miércoles, 3 de septiembre de 2008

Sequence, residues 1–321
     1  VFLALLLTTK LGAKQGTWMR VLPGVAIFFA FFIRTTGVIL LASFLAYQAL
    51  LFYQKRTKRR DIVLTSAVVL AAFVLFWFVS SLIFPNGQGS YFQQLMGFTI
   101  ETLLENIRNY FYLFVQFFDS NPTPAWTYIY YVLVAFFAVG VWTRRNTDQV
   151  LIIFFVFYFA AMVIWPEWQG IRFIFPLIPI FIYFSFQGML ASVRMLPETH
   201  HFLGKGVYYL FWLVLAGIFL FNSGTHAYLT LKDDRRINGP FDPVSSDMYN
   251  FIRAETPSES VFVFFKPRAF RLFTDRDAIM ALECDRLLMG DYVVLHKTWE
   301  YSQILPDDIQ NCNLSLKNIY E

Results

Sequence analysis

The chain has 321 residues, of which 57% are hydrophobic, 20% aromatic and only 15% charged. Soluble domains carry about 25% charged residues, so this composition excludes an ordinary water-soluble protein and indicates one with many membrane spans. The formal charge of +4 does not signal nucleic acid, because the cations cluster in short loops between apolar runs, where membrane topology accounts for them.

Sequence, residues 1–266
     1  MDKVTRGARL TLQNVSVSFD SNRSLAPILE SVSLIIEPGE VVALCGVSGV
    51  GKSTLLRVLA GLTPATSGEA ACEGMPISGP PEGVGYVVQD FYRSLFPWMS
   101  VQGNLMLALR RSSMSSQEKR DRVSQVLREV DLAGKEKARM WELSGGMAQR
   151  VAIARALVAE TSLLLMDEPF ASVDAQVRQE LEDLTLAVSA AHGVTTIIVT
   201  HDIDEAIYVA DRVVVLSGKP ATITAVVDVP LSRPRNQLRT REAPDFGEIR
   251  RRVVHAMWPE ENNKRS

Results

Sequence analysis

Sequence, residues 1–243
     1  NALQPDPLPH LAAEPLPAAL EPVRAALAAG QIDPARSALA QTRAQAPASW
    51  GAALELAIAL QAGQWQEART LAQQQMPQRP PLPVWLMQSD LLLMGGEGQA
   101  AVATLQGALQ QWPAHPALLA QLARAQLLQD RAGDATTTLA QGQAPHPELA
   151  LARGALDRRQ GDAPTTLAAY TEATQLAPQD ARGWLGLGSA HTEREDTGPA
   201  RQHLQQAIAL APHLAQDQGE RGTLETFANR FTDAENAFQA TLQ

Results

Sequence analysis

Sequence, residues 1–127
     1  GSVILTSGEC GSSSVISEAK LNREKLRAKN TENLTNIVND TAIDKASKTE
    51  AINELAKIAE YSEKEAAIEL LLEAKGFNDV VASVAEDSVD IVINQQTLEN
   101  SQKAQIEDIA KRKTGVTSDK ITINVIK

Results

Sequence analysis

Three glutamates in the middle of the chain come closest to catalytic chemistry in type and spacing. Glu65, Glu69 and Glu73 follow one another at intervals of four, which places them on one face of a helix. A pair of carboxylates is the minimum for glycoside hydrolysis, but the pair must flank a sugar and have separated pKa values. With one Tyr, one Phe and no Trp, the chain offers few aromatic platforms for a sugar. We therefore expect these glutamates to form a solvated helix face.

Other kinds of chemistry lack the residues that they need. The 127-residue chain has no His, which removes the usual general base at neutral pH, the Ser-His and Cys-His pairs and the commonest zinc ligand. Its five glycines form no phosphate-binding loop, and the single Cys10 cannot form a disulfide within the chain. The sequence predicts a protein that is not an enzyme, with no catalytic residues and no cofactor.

El Kabuki es el teatro tradicional japonés, para los que no os queráis leer el rollete a continuación en inglés os dejo el enlace a la wilkipedia AQUÍ. The word “Kabuki” literally means song, dance and acting and is a combination of all three arts with the main emphasis on the last. Its origins can be traced back to a woman called Izumo no Okuni who popularized a new form of dance drama, know as Okuni Kabuki, in Kyoto at the beginning of the 17th century. After the appearance of professional groups of women specializing in this form of entertainment. Okuni Kabuki was eventually suppressed by government of the day as having a bad influence on public morals. It was soon replaced by Wakashu Kabuki performed by young male actors, but this was also banned on grounds of immorality. Toward the end of the 17th century, however, Kabuki began to assume respectability and take on its present form, ceasing to be a mere dance drama and developing a repertory of first-class plays ranging for those with a historical background to those depicting contemporary life. The actors, though all male, were no longer restricted to youths and gradually formed themselves into professional families who handed down their acting skills from generation to generation. There ermerged a certain type of actor, known as “onnagata”, who specialized in playing female roles. With the establishment of Kabuki theaters, many innovations were made in the structure of the stage. The most notable of these was “hanamichi”, a raised passage way leading though the audience from the stage to the back of the theatre. It was primarily designed to highlight the entrances and exits of the principal actors. The music in Kabuki is mainly provided by three-stringed shamisen, with the addition of flutes and drums depending on the type of play. There are also singers who can carry the narrative.